By Engr. Gbolahan M.A. Alabi-Isama MS., Founder/CEO at Supercomafrica

The digital age is awash with data. Every click, swipe, and search term we generate creates a breadcrumb trail, meticulously collected for all sorts of purposes. This data frenzy fuels innovation, but are we prioritizing progress over privacy?

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Key Theme

  • Empower the public: Increase public awareness and understanding of personal data protection.
  • Hold businesses accountable: Highlight the obligations of data controllers and processors regarding user data.
  • Establish a legal framework: Promote adherence to the principles and lawful basis outlined in the Nigeria Data Protection Act, 2023.

This very concern was a central theme at the recent “50 Most Valuable Personalities in Nigeria’s Digital Economy” event in Lagos. Dr. Vincent Olatunji, the National Commissioner/CEO of Nigeria’s Data Protection Commission (NDPC), sounded the alarm with the prelaunch of the National Privacy Awareness Campaign. This initiative underscores the urgent need to promote public awareness and understanding of personal data protection while highlighting the obligations of data controllers and processors.

The recently enacted Nigeria Data Protection Act, 2023 provides the legal framework for this critical mission. However, enforcement remains a challenge. Many Nigerians lack awareness of their data rights, and businesses often prioritize collecting data over safeguarding it.


Let’s face it, Nigeria’s cybersecurity hygiene is troubling. A reactive approach prevails, with businesses waiting for a major data breach before scrambling to implement cybersecurity measures.

The rise of Business Email Compromise (BEC) scams and cybercrime perpetrated by “yahoo yahoo boys” further underscores the urgency for businesses to prioritize cybersecurity. Stakeholders at the event, like Engr. Gbolahan Alabi-Isama, CEO of Supercomafrica, emphasised the critical need for businesses to prioritize cybersecurity.

His proposed solution? Tax breaks for businesses that implement robust cybersecurity measures. This initiative, he argues, would not only protect user privacy and data but also bridge the digital literacy gap in Nigeria. After all, technology is a new frontier for many Africans, and such an incentive could significantly improve overall cybersecurity hygiene.


Another point of contention was the recent internet outage caused by subsea cable cuts. Stakeholders pointed out that Nigeria has underutilized subsea cable capacity. With seven functional subsea cable landing points, it’s perplexing that Nigerian banks, who bore the brunt of the outage, lacked redundancy protocols.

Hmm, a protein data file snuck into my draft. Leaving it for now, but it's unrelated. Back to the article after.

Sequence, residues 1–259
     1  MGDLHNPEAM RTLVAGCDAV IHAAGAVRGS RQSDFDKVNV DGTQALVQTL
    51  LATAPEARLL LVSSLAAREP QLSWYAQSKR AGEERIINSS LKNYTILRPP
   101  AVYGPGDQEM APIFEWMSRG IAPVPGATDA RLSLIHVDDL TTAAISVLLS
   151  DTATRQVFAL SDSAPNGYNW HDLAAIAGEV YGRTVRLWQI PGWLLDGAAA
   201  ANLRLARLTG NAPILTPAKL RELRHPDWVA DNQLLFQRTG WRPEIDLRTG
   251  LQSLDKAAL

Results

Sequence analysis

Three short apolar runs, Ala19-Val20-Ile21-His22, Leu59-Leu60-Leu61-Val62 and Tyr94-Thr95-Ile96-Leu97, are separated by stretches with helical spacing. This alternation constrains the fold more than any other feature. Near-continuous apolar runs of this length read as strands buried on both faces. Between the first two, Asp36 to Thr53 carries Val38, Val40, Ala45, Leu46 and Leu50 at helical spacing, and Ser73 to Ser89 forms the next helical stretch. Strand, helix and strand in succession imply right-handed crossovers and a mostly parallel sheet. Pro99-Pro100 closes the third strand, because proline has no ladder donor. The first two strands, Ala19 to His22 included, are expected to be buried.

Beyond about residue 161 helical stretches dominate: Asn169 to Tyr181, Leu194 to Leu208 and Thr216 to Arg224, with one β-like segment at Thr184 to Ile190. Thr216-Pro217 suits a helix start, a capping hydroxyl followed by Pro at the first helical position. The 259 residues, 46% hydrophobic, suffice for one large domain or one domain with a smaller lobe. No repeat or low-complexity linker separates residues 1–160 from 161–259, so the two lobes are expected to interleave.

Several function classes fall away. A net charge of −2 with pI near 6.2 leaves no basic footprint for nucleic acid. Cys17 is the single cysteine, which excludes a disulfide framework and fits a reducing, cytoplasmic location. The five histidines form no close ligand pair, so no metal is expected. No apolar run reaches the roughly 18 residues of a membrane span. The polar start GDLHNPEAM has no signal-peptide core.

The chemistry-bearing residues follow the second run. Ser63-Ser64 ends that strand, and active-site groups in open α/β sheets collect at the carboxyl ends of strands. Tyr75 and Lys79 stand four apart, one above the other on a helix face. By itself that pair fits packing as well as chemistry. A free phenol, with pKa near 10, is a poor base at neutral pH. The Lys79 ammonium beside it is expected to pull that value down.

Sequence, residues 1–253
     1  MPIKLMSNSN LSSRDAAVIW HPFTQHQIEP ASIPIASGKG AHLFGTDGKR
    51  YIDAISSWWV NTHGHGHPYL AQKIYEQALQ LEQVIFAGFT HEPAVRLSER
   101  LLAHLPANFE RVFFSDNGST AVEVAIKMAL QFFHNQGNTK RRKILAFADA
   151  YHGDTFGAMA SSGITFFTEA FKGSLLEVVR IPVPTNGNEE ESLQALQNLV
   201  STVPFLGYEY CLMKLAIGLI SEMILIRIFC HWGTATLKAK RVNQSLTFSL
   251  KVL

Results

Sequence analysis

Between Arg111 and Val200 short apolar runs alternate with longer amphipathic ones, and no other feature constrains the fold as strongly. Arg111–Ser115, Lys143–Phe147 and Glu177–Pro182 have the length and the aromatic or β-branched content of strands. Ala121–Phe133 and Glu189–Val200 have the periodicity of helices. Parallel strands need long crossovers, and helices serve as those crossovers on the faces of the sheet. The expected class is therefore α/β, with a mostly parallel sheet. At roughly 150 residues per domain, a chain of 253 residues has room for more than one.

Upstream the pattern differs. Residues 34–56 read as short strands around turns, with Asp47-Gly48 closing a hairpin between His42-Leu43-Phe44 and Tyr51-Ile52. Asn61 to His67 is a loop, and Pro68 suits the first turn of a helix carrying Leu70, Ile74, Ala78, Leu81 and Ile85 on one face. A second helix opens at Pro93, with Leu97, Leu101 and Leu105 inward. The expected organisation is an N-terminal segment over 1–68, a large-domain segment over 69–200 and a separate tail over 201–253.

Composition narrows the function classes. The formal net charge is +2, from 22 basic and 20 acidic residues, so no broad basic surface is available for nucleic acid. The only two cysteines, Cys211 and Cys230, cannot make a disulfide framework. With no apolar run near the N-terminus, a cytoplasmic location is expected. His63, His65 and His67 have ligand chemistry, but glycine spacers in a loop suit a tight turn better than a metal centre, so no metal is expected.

FR: Dr. Tunde Coker, Oyesola Awodiya, Moderator, Don Pedro, Engr. Gbenga Adebayo, Engr. Dr. Patrick Ede

Engr. Nmamani, a conference speaker, further debunked five common myths surrounding Nigeria’s digital economy. These myths included assumptions of excess subsea cable capacity, strong local cloud infrastructure, and telecom dominance in driving the digital economy. Notably, Engr. Nmamani highlighted that none of the top ten cloud service providers have critical infrastructure within Nigeria, emphasizing the need for local investment in this crucial sector.


The Path Forward: Balancing Innovation with Data Protection

The “50 Most Valuable Personalities” conference served as a springboard for critical conversations. As Nigeria harnesses the power of data to fuel its digital transformation, a multi-pronged approach is essential:

  1. Prioritize Data Privacy: Public awareness campaigns and robust legal frameworks like the NDPC Act are crucial safeguards.
  2. Invest in Cybersecurity: Government incentives and industry-wide adoption of best practices are essential for building a secure digital ecosystem.
  3. Optimize Subsea Cable Infrastructure: Utilizing existing capacity and fostering local investment in cloud services will ensure network resilience and reduce vulnerabilities.

By addressing these critical areas, Nigeria can unlock the full potential of its digital economy while ensuring responsible data collection and robust data protection for its citizens.

Here’s a deeper dive into those subsea cable landing points in Nigeria:

  1. MainOne Cable Landing Station (Lekki, Lagos): Provides high-bandwidth connectivity to West Africa and Europe.
  2. Glo 1 submarine cable (Lagos): Connects Nigeria to the United Kingdom with extensions to West Africa and Europe.
  3. South Atlantic Telecommunications System (SATS) (Lagos): Offers connectivity to South America and Europe.
  4. Nigeria-Europe International Submarine System (NEISS) (Lagos): Connects Nigeria to Europe and other West African countries.
  5. Atlantic Cable Express (ACE) (Lagos): High-capacity submarine cable system linking Europe and West Africa.
  6. WAT submarine cable system (Lagos): Provides high-speed internet connectivity to West Africa and Europe.
  7. IHS Towers Offshore Cable (Lagos): Connects Lagos to Escravos, Nigeria, with potential extensions to other African countries.

Understanding the subsea cable landscape is crucial for ensuring redundancy and robust Internet connectivity in Nigeria.

The digital revolution presents a golden opportunity for Nigeria, but neglecting data privacy could be its Achilles’ heel. Let’s harness the power of data responsibly, prioritizing security and empowering citizens to understand and protect their digital rights.

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